Running this engine on the dyno was a refreshing, low-key effort. Carburetion is typically a snap on the dyno-nothing broke, the engine had already been run in by Coast High Performance on its hot test stand that isn't a dyno, but it's able to run the engine and break in the cam/lifters. Generally, it was a simple case of bolting up the engine and making power.
As delivered by Coast, the engine lacked only exhaust and carburetion. The exhaust was handled by our usual Hooker long-tube headers, short collectors, and, at least to start, a pair of mufflers. The carburetion was via a 750-cfm Speed Demon. This is the most affordable Demon carburetor at $435 list, and it lacks the more fully contoured carburetor top of the slightly more expensive Mighty Demon. No matter, it ran fine and fits in with this engine's budget philosophy.
With the Hookers and Speed Demon in place, our first steps were to set the timing and verify the air/fuel mixture before leaning hard on the loud lever. The fuel was easy, as the Speed Demon proved spot-on with a 12.7:1 A/F ratio. The ignition timing was almost as easy, hunting between 30 and 38 degrees-none of which made much difference-and we ended up where we always do, 32 degrees of total timing.
At this point, simply making a full pass netted 503 hp, so our initial goal was met without really trying. Nice. Backing it up we saw 510 hp as the oil warmed up, so labeling this a 500hp engine is an easy call.
What did catch our attention was a lack of torque. Steve Brule at Westech figured the engine would generate approximately 440 lb-ft at its peak, yet we were seeing just 415 lb-ft. The dyno said the Brake Mean Effective Pressure (a calculated number quantifying cylinder pressure) was also down and remained low for the rest of our time on the dyno. We never did find a fault with the engine and concluded it was simply a characteristic of this particular combination.
Next we removed the mufflers, as we've occasionally seen some improvement without them at this power level. Also, this engine could well be run unmuffled at the strip, so we wanted to make sure there wasn't another 20 hp being corked up.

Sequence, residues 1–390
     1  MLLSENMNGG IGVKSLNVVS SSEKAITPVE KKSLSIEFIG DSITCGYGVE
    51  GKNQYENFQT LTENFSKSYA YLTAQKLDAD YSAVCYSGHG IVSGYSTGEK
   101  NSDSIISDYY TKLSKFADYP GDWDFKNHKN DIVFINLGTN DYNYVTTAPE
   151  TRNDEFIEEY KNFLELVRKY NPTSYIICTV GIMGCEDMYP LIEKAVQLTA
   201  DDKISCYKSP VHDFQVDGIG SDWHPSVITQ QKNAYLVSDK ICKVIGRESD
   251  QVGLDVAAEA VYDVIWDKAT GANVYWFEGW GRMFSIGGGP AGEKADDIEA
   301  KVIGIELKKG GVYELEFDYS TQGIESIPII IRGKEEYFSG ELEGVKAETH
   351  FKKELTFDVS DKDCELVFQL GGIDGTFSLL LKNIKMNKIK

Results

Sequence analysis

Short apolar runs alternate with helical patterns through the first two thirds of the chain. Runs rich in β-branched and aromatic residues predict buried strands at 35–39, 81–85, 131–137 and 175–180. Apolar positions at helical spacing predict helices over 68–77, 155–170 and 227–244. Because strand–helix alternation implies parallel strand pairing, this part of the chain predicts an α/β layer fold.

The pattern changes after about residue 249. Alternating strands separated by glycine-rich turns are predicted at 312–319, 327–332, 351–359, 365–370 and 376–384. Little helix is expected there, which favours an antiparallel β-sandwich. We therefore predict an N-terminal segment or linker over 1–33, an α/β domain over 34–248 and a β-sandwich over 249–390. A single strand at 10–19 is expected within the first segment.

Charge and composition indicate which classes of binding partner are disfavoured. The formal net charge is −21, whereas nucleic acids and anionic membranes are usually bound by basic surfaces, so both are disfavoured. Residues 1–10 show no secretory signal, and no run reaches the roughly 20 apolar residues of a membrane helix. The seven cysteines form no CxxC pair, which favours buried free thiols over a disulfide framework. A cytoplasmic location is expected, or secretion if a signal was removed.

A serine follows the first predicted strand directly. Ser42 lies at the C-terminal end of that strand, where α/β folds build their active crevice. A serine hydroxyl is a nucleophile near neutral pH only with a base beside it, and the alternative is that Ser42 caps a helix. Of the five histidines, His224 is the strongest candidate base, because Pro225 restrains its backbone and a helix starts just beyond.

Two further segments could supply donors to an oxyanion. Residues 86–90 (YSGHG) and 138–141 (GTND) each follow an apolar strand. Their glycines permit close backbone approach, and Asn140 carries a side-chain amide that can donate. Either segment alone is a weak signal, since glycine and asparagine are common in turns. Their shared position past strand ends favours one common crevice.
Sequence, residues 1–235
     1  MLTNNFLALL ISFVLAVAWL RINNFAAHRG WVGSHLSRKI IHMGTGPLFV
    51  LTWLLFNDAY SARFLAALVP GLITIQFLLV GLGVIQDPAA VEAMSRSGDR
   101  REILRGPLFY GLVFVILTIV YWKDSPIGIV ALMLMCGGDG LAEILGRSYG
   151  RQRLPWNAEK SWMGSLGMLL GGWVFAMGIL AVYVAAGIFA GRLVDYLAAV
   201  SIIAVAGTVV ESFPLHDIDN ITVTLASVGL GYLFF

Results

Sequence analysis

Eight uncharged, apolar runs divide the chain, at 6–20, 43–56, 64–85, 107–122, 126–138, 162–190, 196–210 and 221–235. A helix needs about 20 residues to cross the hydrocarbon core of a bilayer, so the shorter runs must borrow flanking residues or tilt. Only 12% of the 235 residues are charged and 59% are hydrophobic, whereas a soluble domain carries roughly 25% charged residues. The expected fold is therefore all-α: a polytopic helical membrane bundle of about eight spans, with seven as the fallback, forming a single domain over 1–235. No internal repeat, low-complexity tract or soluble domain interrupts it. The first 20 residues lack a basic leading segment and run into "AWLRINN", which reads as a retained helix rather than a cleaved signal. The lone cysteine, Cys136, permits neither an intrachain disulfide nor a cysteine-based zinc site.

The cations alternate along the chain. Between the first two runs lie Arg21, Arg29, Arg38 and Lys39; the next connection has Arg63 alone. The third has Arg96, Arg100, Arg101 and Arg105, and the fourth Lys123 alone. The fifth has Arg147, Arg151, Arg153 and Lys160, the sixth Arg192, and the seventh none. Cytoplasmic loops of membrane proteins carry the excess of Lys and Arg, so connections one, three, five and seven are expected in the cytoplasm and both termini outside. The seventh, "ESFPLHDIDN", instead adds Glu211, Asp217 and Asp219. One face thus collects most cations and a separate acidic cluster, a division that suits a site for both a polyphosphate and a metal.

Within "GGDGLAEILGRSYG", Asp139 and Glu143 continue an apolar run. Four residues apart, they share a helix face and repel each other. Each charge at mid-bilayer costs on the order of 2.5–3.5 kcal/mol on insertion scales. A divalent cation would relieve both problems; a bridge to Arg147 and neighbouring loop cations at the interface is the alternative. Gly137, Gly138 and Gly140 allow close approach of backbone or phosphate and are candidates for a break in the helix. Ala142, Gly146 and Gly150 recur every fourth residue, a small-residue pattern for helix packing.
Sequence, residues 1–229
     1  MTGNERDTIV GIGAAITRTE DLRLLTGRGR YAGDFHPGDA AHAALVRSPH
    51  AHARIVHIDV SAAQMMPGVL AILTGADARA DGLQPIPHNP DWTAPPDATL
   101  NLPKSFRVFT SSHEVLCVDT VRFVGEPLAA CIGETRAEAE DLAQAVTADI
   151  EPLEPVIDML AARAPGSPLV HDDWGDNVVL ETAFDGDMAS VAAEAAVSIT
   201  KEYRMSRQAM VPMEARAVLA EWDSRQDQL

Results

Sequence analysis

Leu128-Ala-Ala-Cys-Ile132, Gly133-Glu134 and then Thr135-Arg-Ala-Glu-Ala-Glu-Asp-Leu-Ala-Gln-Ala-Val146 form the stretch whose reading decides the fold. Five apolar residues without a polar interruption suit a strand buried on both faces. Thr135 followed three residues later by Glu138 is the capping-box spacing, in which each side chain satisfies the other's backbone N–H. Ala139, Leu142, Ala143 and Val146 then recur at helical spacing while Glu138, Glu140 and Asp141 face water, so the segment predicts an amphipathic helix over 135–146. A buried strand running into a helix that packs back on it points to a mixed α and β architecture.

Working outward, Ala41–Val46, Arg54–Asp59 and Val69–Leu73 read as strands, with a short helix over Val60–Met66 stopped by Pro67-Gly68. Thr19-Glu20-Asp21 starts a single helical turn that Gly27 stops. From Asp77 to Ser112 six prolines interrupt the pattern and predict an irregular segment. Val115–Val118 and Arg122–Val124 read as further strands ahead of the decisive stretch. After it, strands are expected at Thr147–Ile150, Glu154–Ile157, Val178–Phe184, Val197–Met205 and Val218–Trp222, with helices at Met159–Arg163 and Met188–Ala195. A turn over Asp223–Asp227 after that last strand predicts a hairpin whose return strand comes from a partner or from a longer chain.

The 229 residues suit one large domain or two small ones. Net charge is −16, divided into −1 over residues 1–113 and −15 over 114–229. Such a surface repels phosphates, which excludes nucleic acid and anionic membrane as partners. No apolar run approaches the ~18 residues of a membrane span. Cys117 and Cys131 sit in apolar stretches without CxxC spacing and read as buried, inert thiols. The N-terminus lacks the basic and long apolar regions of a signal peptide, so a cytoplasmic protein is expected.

We needn't have worried. Removing the mufflers helped nicely up to 4,200 rpm, but after that the open headers roared out just a couple more horses. Even at the peak, the unmuffled gain was just 2 hp, 508 versus 510 hp. We didn't think the power gained at the bottom would offset the power lost at the top, but when changes are close and move around like this, it helps to average the power or torque across the working powerband and see who wins given a run through one gear, so to speak. In this case we have to give it to the open exhaust, as it came out ahead by the slimmest of margins:
Being practical about it, this would be impossible to see in a car, so there's little to fear from a proper set of mufflers. We left the mufflers off for the remainder of the day's testing.
Next we switched from the Parker Funnelweb to an Edelbrock Victor Jr. Now, before saying we should have used a Super Victor 8.2 instead of the Jr., we would have loved to, but the Jr. was the most equivalent manifold we had available. It's also one of the most popular and best known of the Ford Edelbrock single-planes, so it would do a fine job of helping place the poorly known Funnelweb in the intake pantheon.
All hands were curious going into this comparison, but just glancing at the two you had to think the Funnelweb was looking strong. It is statuesque, with straight runners and a huge plenum area. It fairly shouts "high rpm" just sitting there, and so far we had to say the results were great. We also all agreed it would take some creative bodywork to get the thing to fit under even a high-rise hood, and a scoop seems probable.
With absolutely no changes to the timing or air/fuel ratio-the distributor need not be moved during the swap and the carburetor adjustments needed no attention-the Victor Jr. came up surprisingly short of the Funnelweb on the top end. With power peaking at 482 hp, the Victor Jr. was 30 hp down from the Funnelweb's official 510hp peak. The Victor Jr.'s peak was narrower and dropped off sharply, too. At first we thought something was amiss with the dyno or test procedure, but double-checking and rerunning the tests showed the results were correct.
Is the Funnelweb's taller profile and larger plenum that much better? To help find out, we slid a 2-inch spacer between the Speed Demon and Victor Jr. This did help about 5 or 6 hp through the midrange, and carried the Victor Jr.'s low-end superiority up 500 rpm to 5,000 rpm, but as power built to the peak, the story was substantially the same as without the spacer. The spacer stopped the Victor Jr.'s top-end bleeding by 2 to 8 hp, but against a 30hp deficit that's not much, and the best gains were over a small rpm range. Too little too late, in other words.